Astronomers have discovered an object in our Solar System which is 120 times farther from the Sun than the Earth. This makes it the most distant body ever observed within this Solar System. The object has been provisionally designated 2018 VG18, and nicknamed “Farout” for its distant location.
The discovery was made by Scott S. Sheppard of the Carnegie Institution for Science, the University of Hawaii’s David Tholen, and Northern Arizona University’s Chad Trujillo.
The discovery of Farout was followed by re-observations to confirm its distance. The object was monitored for a week with the Magellan telescope at Carnegie’s Las Campanas Observatory in Chile for this purpose. It’s path across the sky, brightness and color were also documented. These observations also led astronomers to believe the object is 500 kilometers in diameter. It’s hue is pinkish, which is associated with celestial bodies with an abundance of ice.
“This discovery is truly an international achievement in research using telescopes located in Hawaii and Chile, operated by Japan, as well as by a consortium of research institutions and universities in the United States,” concluded Trujillo. “With new wide-field digital cameras on some of the world’s largest telescopes, we are finally exploring our Solar System’s fringes, far beyond Pluto.”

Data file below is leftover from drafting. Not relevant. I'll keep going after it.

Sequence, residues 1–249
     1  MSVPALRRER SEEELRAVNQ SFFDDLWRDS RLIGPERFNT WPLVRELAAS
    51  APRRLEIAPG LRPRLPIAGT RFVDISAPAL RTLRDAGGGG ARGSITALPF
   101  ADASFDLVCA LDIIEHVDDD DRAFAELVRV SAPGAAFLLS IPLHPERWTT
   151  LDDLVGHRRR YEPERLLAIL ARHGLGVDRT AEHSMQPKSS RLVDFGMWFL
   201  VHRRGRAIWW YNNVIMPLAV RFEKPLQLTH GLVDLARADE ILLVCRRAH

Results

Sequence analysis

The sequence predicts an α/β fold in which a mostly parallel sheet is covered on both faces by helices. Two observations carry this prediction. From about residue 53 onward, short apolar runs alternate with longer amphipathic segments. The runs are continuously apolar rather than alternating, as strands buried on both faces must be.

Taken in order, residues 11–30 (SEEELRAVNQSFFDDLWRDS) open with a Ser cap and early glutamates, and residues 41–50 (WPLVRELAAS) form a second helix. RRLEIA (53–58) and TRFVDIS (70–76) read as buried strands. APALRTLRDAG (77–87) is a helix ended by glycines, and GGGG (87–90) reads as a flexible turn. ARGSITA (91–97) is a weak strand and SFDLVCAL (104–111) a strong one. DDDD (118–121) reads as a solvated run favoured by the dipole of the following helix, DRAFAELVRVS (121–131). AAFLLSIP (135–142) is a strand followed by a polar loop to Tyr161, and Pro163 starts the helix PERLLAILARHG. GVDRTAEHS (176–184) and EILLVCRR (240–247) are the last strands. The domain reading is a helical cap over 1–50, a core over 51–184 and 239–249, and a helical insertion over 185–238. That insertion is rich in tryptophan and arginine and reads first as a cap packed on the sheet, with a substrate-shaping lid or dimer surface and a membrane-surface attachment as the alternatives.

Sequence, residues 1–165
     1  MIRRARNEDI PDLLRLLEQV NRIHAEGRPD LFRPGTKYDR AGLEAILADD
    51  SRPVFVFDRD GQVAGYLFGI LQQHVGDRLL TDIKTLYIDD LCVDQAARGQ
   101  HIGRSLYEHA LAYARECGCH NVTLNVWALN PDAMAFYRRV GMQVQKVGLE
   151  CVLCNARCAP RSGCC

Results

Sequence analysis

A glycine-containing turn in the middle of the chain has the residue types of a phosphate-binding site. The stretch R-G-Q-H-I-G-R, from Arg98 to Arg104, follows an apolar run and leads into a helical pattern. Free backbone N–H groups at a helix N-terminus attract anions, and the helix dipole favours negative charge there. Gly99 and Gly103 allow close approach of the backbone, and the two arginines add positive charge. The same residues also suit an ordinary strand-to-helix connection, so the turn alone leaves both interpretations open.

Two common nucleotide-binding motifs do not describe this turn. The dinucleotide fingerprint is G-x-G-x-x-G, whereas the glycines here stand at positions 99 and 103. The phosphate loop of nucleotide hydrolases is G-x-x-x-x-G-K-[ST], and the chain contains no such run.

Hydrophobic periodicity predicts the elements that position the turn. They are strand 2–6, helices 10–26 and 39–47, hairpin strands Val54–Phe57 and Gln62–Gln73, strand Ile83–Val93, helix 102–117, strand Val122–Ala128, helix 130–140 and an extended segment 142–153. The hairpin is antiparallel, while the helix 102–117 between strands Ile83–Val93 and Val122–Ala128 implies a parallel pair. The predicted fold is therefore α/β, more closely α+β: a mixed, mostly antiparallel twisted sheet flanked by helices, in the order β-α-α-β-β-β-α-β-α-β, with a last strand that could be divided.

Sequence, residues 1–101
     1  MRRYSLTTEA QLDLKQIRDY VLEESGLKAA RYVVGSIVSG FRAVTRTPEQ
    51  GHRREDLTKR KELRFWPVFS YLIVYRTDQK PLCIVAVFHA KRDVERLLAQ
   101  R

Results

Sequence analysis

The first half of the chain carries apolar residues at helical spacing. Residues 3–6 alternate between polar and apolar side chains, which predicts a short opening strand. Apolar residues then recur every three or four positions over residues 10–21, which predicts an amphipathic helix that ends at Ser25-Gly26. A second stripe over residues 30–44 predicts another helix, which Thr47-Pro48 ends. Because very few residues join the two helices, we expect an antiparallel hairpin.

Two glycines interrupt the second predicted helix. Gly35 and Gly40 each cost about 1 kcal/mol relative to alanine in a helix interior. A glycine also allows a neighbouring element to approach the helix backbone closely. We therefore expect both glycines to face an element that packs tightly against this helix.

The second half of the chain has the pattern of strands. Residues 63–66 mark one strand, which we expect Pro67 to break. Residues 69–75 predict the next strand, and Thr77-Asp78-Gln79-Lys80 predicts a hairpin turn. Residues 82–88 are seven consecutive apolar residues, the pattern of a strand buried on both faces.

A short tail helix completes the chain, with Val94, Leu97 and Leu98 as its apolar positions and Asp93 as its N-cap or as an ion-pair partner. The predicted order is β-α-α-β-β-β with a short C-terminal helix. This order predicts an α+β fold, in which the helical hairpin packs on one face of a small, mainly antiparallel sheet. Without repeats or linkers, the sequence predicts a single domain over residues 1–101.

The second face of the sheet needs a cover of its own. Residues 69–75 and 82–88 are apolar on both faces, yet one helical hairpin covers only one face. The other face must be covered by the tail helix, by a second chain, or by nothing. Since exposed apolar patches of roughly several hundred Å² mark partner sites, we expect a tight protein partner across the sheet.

This discovery was the latest development in ongoing efforts to discover distant Solar System objects. In October, the same group of researchers announced the discovery of another distant Solar System object located 80 times as far from the Sun than the Earth called 2015 TG387 and nicknamed “The Goblin,” because it was first seen near Halloween. This research was prompted by the proposal of the existence of a ninth major planet on the edges of the Solar System in 2014 by the same research team when they discovered another object, 2012 VP113, nicknamed Biden.